Functioning of Adults from Single-Parent Families in a Family and Professional Environment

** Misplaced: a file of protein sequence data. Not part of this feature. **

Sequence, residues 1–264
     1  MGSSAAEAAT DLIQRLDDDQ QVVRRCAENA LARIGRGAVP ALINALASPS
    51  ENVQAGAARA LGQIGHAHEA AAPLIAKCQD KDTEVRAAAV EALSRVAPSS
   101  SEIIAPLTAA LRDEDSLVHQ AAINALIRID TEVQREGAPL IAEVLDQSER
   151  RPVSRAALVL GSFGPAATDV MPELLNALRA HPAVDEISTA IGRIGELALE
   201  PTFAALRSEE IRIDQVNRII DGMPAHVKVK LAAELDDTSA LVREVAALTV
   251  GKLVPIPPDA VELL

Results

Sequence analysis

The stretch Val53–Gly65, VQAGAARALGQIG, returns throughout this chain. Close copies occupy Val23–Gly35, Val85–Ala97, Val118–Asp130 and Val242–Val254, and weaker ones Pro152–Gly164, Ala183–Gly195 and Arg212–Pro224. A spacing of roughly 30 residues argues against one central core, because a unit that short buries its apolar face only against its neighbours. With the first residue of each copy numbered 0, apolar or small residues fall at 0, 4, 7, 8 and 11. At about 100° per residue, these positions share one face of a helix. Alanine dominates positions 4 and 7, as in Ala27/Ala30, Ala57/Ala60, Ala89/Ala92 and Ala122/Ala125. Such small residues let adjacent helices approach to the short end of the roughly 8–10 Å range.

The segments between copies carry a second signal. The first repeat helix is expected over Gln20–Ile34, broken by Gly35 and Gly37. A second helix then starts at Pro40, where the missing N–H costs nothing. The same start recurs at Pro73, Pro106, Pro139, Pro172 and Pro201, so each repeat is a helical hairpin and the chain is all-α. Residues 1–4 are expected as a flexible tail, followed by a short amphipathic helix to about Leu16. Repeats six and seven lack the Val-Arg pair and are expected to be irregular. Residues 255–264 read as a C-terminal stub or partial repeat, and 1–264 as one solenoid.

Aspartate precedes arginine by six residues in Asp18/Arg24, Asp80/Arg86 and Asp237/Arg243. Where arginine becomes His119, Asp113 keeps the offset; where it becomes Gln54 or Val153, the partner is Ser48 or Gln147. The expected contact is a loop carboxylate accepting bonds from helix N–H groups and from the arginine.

The modern world puts great demands on people when it comes to understanding its purpose and meaning, which undoubtedly changes the lives of individuals and social groups. People are particularly concerned about the possibility of freeing themselves from imposed group ties, enjoying the rights of a citizen and a member of a community, and the way in which freedom is exercised without restrictions. What has so far been a well-established basis for human activity and the maintenance of the existing order is now losing its importance, and is being replaced by new life opportunities. The authority of traditional social structures such as the social class, local community or family has declined. Normative and axiological systems, and consequently the quality of functioning of the contemporary family, its structure, scope of performed duties and relations within a family, have also undergone transformations. It is becoming increasingly common for adults who form the main axis of the family to decide on a divorce. This is not conducive to the optimum development of children, as they lose the sense of security, trust in adults, fail to fulfil their own lives and even doubt about the existence of true unselfish love. Parents' divorce decisions often result in emotional and motivational disorders which are manifested by difficulties in establishing social contacts, building profound relationships and coping with difficult situations. The paper shows the results of exploratory research on how adults brought up in divorced single-parent families can function in the social and professional environment. The research employs the diagnostic survey method using the auditorium questionnaire and the “100 Sentences – 100 Opinions” tool by Mirosław J. Szymański. The results of the research clearly show that adults brought up in single-parent families are involved very differently in social and professional life. They build their short- and long-term professional and personal goals in distinct ways. Personal and social characteristics of the respondents are the factors determining the observed activity. The research results are in line with the relevant literature and prove the impact of growing up in a single-parent family on children's activity in adult life.